The 2nd edition (1986) offered for the first time a definition of utilization: “intended use by intended users.” This focus proved to have implications for everything done in an evaluation and every decision made along the way. Working with primary intended users to enhance intended uses became the hallmark of utilization-focused evaluation.
The 3rd edition (1997) introduced process use. Up until that time the entire field had narrowly focused on use of findings. This idea of process use draws our attention to individual changes in thinking and behavior among those involved in the evaluation as a result of the learning that occurs during the evaluation process.
The 4th edition (2008) gave significantly increased attention to international and cross-cultural factors that affect use and brought systems thinking and complexity theory into utilization-focused evaluation.
The Ongoing Evolution of Utilization-Focused Evaluation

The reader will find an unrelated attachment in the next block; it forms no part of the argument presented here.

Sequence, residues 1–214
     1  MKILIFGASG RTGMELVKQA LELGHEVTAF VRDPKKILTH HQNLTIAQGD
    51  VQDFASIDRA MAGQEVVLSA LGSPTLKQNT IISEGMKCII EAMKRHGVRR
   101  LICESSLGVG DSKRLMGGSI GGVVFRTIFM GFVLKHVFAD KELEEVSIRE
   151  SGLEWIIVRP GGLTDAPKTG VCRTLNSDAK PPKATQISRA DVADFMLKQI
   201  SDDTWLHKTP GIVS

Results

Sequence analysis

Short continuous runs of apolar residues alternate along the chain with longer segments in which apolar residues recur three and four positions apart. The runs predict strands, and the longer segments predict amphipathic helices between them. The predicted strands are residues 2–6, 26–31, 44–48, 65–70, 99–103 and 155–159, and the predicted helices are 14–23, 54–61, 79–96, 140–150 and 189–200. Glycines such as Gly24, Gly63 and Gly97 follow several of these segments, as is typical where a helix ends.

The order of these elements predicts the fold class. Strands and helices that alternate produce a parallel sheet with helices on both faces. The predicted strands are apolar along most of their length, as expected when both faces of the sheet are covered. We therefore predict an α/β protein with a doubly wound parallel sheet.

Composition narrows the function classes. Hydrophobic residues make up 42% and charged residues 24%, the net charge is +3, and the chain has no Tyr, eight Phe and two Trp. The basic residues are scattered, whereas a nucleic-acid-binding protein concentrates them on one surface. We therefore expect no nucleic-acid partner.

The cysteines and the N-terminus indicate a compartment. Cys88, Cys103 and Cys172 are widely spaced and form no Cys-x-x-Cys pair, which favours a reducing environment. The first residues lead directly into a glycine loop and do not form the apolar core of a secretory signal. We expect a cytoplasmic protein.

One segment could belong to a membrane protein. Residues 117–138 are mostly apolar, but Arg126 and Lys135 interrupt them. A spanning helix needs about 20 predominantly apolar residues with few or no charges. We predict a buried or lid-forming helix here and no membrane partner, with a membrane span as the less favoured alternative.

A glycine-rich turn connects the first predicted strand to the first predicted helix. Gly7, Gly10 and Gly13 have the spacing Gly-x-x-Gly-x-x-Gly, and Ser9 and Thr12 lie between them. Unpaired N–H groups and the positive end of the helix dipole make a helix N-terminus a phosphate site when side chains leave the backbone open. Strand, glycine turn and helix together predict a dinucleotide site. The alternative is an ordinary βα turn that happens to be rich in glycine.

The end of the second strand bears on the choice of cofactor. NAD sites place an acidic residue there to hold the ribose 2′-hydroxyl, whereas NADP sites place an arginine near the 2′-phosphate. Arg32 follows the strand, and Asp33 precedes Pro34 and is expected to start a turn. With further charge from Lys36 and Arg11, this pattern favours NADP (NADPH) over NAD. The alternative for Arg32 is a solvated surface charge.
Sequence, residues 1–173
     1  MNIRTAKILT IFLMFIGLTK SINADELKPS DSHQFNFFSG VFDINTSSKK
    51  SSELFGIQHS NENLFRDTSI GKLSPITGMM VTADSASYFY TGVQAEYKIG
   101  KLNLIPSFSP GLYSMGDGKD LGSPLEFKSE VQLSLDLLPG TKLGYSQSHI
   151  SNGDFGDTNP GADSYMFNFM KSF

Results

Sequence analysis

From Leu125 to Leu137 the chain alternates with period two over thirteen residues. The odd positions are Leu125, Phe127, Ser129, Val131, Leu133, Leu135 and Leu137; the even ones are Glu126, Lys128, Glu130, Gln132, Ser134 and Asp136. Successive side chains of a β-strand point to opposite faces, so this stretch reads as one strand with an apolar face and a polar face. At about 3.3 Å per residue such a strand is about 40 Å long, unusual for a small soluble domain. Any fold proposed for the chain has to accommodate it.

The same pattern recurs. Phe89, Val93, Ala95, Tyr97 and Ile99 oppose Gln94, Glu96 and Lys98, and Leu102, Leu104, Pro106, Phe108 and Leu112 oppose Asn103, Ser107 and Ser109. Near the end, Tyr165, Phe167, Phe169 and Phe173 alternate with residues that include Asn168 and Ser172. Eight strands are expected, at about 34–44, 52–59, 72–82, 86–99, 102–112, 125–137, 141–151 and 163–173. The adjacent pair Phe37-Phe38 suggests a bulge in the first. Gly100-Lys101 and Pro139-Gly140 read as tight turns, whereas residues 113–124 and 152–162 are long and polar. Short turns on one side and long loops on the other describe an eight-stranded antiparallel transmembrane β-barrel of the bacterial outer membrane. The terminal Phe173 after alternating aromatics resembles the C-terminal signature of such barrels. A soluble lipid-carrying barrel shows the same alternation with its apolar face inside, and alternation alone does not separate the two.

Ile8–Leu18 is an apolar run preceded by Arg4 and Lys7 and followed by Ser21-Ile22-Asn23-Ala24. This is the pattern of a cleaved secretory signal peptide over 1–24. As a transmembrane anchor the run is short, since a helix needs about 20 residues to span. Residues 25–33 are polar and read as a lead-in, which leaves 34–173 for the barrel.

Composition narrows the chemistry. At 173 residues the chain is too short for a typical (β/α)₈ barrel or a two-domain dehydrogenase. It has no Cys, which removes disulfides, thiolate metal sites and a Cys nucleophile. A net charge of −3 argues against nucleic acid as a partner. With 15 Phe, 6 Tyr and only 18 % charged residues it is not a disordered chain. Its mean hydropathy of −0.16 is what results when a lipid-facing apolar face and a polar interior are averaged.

This new 5th edition for the first time presents and elaborates principles of utilization-focused evaluation. Principles guide application and adaptation. Principles connect theory with practice, questions with methods, and findings with follow-through actions. The 21st century has brought major changes in the world and, correspondingly, in the evaluation profession, like the global adoption of Sustainable Development Goals for Agenda 2030 that expresses a commitment to equity and sustainability. This new edition presents for the first time the role of utilization-focused evaluation in addressing issues of equity and sustainability in the context of the COVID-19 pandemic, the climate crisis, and the global social justice uprising. As evaluators, we have a stake in having our evaluations used—and we have a stake in a more equitable and sustainable world. The implications for utilization-focused evaluation are substantial, dramatic, controversial, and forward-looking.
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3 thoughts on “New Directions for Utilization-Focused Evaluation by Michael Quinn Patton and Charmagne E. Campbell-Patton”
Hello Micheal and Charmagne,